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Wednesday, June 24, 2009
Alleged Robbers in U.S. Illegally
By Jeff Proctor
Journal Staff Writer
Three men who allegedly stormed into a West Side Denny's over the weekend and killed a 34-year-old cook were in the United States illegally, and one had been deported less than a year ago after an arrest.
Pablo Ortiz, who police say is a member of the notorious Salvadoran gang MS-13, was arrested in Albuquerque in May 2008 on suspicion of DWI. After a judge found him guilty, Ortiz spent 46 days at the Metropolitan Detention Center. He was released on July 7.
About a month later, Ortiz "agreed to participate in a voluntary deportation program," Police Chief Ray Schultz told the Journal.
Immigration and Customs Enforcement agents "put him on a plane and sent him back to El Salvador" in August of 2008, the chief said. "Some time in the next few months, he sneaked back into the country."
Federal officials also confirmed that two other suspects in the Denny's shooting are here illegally, but it is unclear whether 22-year-old Marvin Lopez-Aguilar and 25-year-old Francisco Melgar had previously been deported to El Salvador.
Ortiz and Lopez-Aguilar remained jailed at the MDC late Tuesday on no-bond holds.
They are charged with murder in the killing of Denny's cook Stephanie Anderson and more than 40 other felony counts.
Authorities were still searching for Melgar, who faces the same charges.
Police say Melgar and Ortiz are MS-13 gang members.
Melgar has twice been arrested on suspicion of DWI in Bernalillo County, court records show. In 2006, his charge was dismissed by prosecutors due to lack of discovery.
He was arrested again in February of 2009 and is due to appear on that charge before a Metropolitan Court judge on Thursday.
On both occasions, Melgar was released from the West Side jail on his own recognizance under court order, jail Capt. Heather Lough said. Officials could not determine Tuesday whether Melgar had immigration holds at the time of his two arrests, although Lough said it is unlikely.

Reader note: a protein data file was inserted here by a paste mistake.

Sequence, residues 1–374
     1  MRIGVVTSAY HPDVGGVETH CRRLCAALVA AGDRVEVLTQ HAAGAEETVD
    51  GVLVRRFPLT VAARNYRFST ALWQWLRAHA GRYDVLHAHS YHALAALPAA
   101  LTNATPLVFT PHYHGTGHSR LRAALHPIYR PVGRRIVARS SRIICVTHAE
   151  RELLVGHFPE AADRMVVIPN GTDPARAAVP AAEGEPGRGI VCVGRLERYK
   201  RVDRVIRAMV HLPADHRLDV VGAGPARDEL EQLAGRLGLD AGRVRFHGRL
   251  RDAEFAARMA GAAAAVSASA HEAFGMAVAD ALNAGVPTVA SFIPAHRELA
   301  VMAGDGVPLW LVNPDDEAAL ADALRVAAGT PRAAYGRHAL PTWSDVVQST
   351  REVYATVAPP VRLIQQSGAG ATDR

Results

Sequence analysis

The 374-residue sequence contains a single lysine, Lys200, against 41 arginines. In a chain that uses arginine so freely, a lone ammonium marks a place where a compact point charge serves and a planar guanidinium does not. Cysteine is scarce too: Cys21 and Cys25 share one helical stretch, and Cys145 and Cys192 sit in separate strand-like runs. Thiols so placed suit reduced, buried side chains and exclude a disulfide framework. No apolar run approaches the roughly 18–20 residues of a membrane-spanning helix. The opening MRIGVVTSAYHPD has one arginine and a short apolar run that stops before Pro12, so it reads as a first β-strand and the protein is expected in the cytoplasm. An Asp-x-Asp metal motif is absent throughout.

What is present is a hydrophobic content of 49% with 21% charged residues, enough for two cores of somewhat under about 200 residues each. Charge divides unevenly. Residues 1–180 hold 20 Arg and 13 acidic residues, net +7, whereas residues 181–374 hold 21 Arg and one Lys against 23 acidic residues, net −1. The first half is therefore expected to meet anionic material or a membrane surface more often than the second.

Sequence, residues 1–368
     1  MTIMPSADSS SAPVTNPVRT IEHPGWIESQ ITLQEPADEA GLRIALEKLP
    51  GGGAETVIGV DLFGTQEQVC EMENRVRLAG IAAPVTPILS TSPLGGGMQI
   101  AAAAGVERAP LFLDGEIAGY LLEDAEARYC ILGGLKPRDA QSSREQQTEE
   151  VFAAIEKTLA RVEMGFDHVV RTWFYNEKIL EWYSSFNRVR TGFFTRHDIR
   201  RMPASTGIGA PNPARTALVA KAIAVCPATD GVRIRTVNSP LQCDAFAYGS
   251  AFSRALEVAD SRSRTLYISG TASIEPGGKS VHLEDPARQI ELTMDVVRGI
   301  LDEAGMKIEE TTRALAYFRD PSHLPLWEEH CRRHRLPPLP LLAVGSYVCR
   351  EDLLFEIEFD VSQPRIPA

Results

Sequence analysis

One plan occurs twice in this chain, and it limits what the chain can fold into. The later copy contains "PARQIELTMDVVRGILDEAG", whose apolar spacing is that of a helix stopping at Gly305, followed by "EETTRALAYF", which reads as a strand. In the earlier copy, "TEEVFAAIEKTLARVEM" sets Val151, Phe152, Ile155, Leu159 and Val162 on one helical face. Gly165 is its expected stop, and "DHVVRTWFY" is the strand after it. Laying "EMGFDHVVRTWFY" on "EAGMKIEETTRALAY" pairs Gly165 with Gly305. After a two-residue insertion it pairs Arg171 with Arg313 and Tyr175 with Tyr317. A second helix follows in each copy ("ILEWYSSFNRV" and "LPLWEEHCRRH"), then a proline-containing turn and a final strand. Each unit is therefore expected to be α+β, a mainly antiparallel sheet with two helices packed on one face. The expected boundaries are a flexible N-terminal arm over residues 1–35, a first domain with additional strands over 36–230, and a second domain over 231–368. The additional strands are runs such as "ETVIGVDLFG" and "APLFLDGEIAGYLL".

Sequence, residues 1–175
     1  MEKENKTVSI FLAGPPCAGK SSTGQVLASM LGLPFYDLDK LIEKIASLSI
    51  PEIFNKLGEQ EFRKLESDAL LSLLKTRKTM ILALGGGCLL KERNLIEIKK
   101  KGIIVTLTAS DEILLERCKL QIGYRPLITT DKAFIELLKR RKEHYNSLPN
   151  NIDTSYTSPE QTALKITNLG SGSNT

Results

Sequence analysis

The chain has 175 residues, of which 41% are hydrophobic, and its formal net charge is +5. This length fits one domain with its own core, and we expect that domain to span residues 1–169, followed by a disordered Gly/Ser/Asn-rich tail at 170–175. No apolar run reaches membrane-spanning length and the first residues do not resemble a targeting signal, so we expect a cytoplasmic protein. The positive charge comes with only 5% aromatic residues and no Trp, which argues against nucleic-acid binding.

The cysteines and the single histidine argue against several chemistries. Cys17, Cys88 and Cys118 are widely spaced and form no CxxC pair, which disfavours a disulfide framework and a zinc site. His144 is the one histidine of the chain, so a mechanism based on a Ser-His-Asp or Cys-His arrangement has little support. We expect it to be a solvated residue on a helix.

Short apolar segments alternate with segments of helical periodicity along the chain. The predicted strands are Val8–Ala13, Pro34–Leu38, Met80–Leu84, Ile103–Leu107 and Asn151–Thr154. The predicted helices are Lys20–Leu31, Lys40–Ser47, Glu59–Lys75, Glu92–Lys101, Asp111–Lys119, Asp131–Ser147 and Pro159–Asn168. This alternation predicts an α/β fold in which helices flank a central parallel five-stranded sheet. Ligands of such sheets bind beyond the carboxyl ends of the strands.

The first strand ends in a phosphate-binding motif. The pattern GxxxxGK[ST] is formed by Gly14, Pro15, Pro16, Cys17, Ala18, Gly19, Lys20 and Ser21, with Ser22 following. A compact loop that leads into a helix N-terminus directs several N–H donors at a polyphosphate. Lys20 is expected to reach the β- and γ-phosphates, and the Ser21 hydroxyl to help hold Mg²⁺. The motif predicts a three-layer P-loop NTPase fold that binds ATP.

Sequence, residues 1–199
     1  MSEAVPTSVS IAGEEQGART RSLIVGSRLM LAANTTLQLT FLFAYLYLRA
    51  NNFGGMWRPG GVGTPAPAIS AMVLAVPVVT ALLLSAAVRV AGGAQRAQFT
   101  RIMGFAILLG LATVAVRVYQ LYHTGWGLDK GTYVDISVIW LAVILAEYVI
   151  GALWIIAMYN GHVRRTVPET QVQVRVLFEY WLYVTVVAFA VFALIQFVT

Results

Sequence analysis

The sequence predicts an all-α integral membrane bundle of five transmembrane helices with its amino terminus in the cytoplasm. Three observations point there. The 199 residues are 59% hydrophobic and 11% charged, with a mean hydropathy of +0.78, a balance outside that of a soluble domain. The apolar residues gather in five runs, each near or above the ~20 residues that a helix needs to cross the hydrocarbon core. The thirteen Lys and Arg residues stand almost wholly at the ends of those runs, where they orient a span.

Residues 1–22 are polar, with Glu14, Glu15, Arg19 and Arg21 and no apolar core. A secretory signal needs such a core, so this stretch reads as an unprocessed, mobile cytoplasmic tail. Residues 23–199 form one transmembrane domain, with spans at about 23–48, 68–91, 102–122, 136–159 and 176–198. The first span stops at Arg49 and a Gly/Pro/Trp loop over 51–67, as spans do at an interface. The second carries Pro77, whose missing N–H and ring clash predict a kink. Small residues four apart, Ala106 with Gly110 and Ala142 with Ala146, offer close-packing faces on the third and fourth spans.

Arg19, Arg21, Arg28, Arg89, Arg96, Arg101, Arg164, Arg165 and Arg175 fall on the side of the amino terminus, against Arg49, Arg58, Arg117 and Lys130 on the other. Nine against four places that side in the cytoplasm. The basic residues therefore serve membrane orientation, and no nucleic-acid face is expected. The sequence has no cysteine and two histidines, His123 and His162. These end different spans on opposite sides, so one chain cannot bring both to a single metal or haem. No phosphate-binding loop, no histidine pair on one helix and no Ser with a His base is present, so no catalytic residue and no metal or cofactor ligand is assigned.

"If he had had immigration holds, he would not have been released," she said.
A spokeswoman for Immigration and Customs Enforcement could not provide details of the three men's immigration status on Tuesday.
"They do have detainers because they are in the country illegally," ICE spokeswoman Leticia Zamarripa wrote in an e-mail response to Journal questions.
Zamarripa said the detainers were placed on Ortiz and Lopez-Aguilar after their arrests on Saturday.
Schultz said in the case of Ortiz's May 2008 arrest, the officer who pulled him over did not contact federal authorities because the officer did not believe his immigration status was pertinent to the DWI investigation.
He did not know the details of Melgar's arrests.
Determining when police officers should call federal immigration officers has been a hotly debated topic among elected officials, community leaders and the public.
Albuquerque police issued a policy for its officers, and then was forced to reissue it after complaints about what it meant.
The current policy reads: "Officers shall not inquire about or seek proof of a person's immigration status, unless the person is in custody or is a suspect in a criminal investigation for a nonimmigration criminal violation and the immigration status of the person or suspect is pertinent to the criminal investigation."
Moreover, ICE agents regularly check the immigration status of all those booked into the West Side jail, whether APD officers call them or not.
The chief reiterated that Albuquerque is not a "sanctuary city," as some critics have alleged. "This is an immigrant-friendly city. We work with all federal partners to keep the citizens of this city safe."